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Pancakes at church bring people together; Breakfast helps celebrate Easter

By Staff | Mar 24, 2008


What better way to serve citizens in the community over Easter weekend than with pancakes? The only logical answer to that question is, by serving them free pancakes.

Members of The Church of Jesus Christ of Latter-day Saints did just that Saturday during its second annual Easter celebration free pancake breakfast and egg hunt.

The breakfast event took place from 8:30 to 11 a.m. at the church at 1928 Chiquita Boulevard S., and featured such well-loved morning food items as scrambled eggs, ham and of course, pancakes.

“The pancakes are good,” said Charlie Cole, a life-long member of the church. “I’ve had two so far.

Cole has lived in Cape Coral for about eight years and has attended church at the Chiquita building since it was built nearly four years ago. Before that, he attended where he lived previously in Arizona and then in Fort Myers after moving to the area.

Cole came to eat pancakes and enjoy the company of fellow breakfast-goers with his wife and three daughters, ages 9, 10 and 12.

But besides the obvious alure of pancakes and good-cheer, the church also put on a number of outdoor events for children, including face-painting, three-legged races, games and a good old fashioned Easter egg hunt.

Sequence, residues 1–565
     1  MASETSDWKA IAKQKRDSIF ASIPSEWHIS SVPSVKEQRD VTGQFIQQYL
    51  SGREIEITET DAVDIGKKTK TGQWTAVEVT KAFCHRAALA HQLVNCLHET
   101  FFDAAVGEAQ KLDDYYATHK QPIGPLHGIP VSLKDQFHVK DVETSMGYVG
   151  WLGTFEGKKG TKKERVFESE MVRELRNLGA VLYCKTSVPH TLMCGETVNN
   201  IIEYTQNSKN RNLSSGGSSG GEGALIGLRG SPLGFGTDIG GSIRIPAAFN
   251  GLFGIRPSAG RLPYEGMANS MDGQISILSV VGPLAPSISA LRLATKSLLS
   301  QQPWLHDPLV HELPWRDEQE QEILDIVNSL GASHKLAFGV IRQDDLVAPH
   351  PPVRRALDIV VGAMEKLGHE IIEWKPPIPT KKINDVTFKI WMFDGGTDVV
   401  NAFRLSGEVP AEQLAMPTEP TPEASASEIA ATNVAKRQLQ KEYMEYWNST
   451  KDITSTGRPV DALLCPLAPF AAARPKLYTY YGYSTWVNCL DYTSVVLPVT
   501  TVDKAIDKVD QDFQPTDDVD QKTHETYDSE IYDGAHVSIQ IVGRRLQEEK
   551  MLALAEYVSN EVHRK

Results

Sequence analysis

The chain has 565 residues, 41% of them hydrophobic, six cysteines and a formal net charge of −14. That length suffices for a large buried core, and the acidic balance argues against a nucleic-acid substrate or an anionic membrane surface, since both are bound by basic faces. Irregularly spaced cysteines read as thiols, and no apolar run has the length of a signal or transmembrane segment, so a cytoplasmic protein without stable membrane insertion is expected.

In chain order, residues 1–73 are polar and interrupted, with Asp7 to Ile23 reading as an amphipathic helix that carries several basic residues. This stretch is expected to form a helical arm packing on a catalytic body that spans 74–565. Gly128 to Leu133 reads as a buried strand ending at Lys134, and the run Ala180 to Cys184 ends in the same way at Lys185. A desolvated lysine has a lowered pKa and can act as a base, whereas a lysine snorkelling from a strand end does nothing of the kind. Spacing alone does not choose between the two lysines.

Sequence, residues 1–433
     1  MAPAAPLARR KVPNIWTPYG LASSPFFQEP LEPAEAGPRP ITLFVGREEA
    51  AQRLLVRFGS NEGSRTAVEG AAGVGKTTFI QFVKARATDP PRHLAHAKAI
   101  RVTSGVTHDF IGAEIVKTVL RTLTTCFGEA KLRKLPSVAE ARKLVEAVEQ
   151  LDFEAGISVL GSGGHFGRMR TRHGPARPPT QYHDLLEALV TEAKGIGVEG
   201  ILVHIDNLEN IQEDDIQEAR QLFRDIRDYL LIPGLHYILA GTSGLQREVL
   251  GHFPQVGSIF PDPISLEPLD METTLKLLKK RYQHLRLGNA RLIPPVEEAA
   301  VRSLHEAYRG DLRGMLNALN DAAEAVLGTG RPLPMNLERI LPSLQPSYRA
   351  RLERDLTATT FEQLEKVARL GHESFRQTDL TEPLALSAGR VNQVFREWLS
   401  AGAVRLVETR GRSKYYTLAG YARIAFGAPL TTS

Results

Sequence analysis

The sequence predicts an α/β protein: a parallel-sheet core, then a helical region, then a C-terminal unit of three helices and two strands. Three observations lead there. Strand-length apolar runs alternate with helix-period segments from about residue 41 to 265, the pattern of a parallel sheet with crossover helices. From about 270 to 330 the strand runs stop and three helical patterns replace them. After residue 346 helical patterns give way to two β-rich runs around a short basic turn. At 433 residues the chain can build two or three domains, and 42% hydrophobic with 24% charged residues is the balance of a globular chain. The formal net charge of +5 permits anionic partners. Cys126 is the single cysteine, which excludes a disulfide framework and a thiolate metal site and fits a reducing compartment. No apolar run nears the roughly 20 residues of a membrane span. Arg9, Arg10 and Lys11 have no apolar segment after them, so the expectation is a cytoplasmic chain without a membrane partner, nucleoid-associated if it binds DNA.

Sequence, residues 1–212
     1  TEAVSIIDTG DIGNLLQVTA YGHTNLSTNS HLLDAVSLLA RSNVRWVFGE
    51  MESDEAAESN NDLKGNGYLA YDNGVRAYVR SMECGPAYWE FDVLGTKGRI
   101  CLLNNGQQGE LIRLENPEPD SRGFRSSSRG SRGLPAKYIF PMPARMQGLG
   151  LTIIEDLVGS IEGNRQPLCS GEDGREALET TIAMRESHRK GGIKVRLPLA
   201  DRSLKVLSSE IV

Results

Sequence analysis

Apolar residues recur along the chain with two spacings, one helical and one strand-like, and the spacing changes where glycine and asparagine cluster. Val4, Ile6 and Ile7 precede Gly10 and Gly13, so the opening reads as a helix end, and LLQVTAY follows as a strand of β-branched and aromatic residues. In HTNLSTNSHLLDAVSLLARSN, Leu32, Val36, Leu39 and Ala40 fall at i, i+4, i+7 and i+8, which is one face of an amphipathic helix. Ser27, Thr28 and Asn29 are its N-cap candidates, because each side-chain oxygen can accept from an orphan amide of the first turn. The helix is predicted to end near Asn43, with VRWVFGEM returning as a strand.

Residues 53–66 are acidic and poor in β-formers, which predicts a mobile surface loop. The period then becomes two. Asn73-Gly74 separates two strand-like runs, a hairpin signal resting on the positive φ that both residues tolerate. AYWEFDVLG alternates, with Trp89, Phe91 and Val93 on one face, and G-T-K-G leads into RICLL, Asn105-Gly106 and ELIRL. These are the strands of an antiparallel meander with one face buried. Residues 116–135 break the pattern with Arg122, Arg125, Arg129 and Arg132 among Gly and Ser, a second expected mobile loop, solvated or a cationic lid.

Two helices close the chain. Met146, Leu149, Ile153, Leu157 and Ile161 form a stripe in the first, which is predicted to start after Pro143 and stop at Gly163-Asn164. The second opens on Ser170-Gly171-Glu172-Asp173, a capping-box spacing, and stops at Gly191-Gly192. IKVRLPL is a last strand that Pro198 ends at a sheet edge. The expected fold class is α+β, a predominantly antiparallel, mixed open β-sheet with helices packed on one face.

I’ve been running around like a chicken with my head cut off, but I’m glad to see it all paying off,” said 10-year church member and event planner Nicki Lyons, who attended with her husband and 3-year old daughter, Edeyn.

Planning the event was quite an undertaking for Lyons, to include gathering supplies, planning, delegating tasks and “
gathering the troops,” she said.

About 20 to 30 members helped out with cooking, serving food, games and the egg hunt, said Lyons. She estimated around 200 church members and other attendees came to enjoy the festivities, she said.

The breakfast event was free to the public and offered the chance to get to know members of both the Cape Coral and Los Palmos churches.

Missionary Elders wandered the event, greeting guests and introducing them to the church and its teachings.

Elder Bryce Phillips, 20, is one such missionary. Baptized at age eight, Phillips helps to spread the word of his church by traveling door to door with his partner, 19-year-old Trinidad native, Elder Francis Gopaul.

We help people get to know what kinds of things we teach,” said Phillips, boasting the church as, “the best humanitarian aid in the world.

It’s fantastic,” said Phillips of the breakfast event Saturday. “There is a huge turnout; the kids look like they’re having a good time.

Men in the church can become elders at age 18, according to brother Lon Kreger. He said the church is not a payed ministry. The church offers a “
self-sufficient welfare system,” in which families in need within the church are taken care of, added brother Richard Newville.

Brother Julian Araiza spoke praises of the church’s bishop, Larry Lions, for his dedication to helping at the church. Lions works a full-time job as well as spending around 40 hours with the church, said Araiza. Lions could not attend the breakfast due to being out of town, said Araiza.